The wheels of change are in motion. Apple is giving the Mac computing device line its biggest change in years. And it is not just about new hardware or more powerful specs. In fact, this is a completely new direction for the MacBook and the Mac Mini. They may never need to look back. A path that they may never need to return from. This is very much the beginning of the end for the Apple and Intel partnership, where the former made Mac computing devices running the chips made by the latter. The iPhone, the iPad, the Apple TV, the Apple Watch, all run SoCs designed by Apple. The Macs now join that group. At this time, it is the new MacBook Air, the new MacBook Pro 13 and the new Mac Mini that get what is called the Apple M1 chip.
What exactly is the change? For the first time ever, the Mac will get a system on chip (SoC) instead of separate hardware for processor, graphics etc. That means the CPU, graphics neural engine and more are integrated in one chip. For all intents and purposes, the M1 chip draws on the architecture and the experience from the Apple A14 Bionic chips that power the Apple iPhone 12 series as well as the 2020 update for the Apple iPad Air. Yet, do not for one second think that all Macs will get the same M1 chip. There are variations, depending on the MacBook Air, MacBook Pro 13 and the Mac Mini. This will have high performance cores, high efficiency cores—8 or 7 cores, depending on which machine you are buying. The M1 chip is also built on the 5-nanometer process with 16 billion transistors.
Apple says that on the MacBook Pro 13, this is 2.8x faster than the current Intel chips and 3.5x faster in the new MacBook Air compared with the predecessor. In fact, both these machines are significantly faster than anything the Windows 10 laptop ecosystem has to offer. In fact, the MacBook Air is faster than 98 percent of PC laptops sold in the last year, according to Apple. It can deliver significantly higher performance for the CPU and graphics at much lower power consumption, compared with chips that power Windows laptops. If that is the sort of power and efficiency that can be drawn out of the ultra-slim and fan-less MacBook Air, one doesn’t really need to guess too hard to understand the sort of power the M1 chip holds.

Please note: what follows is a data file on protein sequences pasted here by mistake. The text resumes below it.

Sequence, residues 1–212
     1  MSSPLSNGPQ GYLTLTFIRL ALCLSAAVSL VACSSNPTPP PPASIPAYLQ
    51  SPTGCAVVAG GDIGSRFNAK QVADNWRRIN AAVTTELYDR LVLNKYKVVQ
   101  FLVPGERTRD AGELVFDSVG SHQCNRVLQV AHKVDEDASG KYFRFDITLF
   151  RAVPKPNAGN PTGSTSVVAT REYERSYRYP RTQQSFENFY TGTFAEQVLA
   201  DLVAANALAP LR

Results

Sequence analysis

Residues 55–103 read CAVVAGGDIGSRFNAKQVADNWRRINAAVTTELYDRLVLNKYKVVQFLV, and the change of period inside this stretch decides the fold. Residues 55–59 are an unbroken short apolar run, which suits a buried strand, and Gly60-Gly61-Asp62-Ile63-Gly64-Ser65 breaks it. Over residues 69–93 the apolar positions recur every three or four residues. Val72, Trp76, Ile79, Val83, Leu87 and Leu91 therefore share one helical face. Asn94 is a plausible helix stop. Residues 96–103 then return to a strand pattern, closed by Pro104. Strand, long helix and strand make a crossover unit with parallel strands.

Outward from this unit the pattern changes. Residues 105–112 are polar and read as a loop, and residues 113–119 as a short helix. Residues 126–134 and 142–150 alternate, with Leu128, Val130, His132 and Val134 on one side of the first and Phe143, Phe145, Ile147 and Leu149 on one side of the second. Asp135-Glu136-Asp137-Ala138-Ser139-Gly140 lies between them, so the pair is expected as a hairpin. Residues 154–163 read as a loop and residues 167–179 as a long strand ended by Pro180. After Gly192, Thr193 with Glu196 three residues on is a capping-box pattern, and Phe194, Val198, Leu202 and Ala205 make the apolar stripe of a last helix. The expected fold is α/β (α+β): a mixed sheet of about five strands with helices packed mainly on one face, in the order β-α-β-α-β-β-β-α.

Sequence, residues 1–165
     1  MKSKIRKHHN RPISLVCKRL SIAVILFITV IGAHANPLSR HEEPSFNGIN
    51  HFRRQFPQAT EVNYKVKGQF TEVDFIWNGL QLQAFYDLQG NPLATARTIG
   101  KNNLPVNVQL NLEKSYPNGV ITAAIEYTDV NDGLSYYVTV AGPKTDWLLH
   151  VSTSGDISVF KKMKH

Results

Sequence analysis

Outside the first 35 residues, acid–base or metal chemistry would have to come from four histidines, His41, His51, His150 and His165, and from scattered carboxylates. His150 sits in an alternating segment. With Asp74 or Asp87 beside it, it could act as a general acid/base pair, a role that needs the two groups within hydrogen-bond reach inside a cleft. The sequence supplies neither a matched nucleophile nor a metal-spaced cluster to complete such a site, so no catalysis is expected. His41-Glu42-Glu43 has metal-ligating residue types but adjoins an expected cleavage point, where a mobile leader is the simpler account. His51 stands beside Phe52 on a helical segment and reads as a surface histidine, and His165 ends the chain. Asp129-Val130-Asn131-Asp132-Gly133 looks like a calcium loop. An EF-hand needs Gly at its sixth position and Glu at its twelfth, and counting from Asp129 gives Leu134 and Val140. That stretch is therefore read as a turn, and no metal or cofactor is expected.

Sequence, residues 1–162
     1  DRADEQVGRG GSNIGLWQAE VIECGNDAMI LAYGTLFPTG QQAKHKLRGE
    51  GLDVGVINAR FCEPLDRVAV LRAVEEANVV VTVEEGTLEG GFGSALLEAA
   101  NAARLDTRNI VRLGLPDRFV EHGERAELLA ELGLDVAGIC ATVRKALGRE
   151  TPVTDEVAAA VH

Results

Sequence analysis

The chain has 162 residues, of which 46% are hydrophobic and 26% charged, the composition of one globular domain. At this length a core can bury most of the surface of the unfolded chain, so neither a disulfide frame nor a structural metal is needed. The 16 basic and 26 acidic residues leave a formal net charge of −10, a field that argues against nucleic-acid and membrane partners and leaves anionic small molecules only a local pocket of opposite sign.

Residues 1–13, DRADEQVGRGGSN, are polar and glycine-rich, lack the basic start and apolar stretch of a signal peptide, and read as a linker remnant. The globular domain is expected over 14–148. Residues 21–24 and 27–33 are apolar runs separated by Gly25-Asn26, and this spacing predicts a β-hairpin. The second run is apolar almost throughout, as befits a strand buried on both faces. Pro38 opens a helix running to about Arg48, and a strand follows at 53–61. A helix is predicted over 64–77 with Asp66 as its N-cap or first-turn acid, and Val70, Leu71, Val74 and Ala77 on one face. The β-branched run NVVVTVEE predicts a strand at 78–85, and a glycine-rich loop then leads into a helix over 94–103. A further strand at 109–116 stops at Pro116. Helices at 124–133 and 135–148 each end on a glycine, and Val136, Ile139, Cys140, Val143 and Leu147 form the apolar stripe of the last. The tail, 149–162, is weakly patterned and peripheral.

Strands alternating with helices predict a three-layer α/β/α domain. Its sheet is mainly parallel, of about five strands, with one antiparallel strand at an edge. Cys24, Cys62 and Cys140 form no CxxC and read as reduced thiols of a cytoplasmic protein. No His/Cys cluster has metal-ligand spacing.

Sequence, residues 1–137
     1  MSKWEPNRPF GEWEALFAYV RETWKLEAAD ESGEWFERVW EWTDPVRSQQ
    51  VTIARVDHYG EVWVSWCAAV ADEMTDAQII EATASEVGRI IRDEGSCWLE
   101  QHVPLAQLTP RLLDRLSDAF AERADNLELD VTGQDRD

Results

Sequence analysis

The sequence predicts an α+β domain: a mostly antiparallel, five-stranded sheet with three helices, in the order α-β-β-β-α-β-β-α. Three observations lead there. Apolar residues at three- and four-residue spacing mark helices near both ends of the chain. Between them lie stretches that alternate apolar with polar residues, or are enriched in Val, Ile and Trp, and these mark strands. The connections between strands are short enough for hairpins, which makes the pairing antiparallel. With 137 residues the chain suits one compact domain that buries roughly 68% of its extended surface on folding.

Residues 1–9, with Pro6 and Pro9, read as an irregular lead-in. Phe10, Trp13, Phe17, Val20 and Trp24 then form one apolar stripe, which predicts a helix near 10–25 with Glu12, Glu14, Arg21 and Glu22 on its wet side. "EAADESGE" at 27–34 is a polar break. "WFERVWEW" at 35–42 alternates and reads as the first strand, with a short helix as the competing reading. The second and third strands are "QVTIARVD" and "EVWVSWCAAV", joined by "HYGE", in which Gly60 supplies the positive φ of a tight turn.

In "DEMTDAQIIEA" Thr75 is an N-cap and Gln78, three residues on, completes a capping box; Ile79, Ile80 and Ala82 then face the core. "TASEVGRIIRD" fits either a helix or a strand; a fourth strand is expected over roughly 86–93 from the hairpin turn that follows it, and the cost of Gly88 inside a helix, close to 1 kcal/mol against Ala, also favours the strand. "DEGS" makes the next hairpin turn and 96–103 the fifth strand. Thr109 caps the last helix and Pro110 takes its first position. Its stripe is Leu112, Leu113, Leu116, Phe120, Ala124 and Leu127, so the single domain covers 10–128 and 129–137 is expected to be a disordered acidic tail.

The arrival of the M1 chip means that the change is very much underway. To be honest, I do not remember a time when Apple rolled out refreshes for the MacBook Air or the MacBook Pro 13, twice in the same year. Yet, this has happened this time. Add the Mac Mini to that, and we have three Macs that already have made the move from the Intel chips to the Apple Silicon. Think about it—do you really believe it will take 2 years to switch the entire line-up? Very unlikely! What remain for next year is the switch for the MacBook Pro 16, the iMac 21.5 and the iMac 27. And of course the Mac Pro and iMac Pro. If Apple can make the switch for three Mac lines in one go, I really wouldn’t be betting any money against all product lines also making the switch to Apple Silicon in 2021 itself.
There are little things that will make a difference. Instant wake for your Apple M1 chip powered Mac, much like your iPhone and iPad. Universal apps that lets developers create one app for all Mac computing devices, irrespective of Intel or M1 chip power. The ability to run the iPhone and iPad apps directly on the Macs, with macOS Big Sur. Better image processing for the FaceTime camera. Faster storage. Machine learning that is 15 times faster than before. And much longer battery life—up to 20 hours. For Mac users, the ability to run iPhone and iPad apps directly on the Mac would be priceless. And that immediately gives the macOS its single biggest leap in terms of app availability.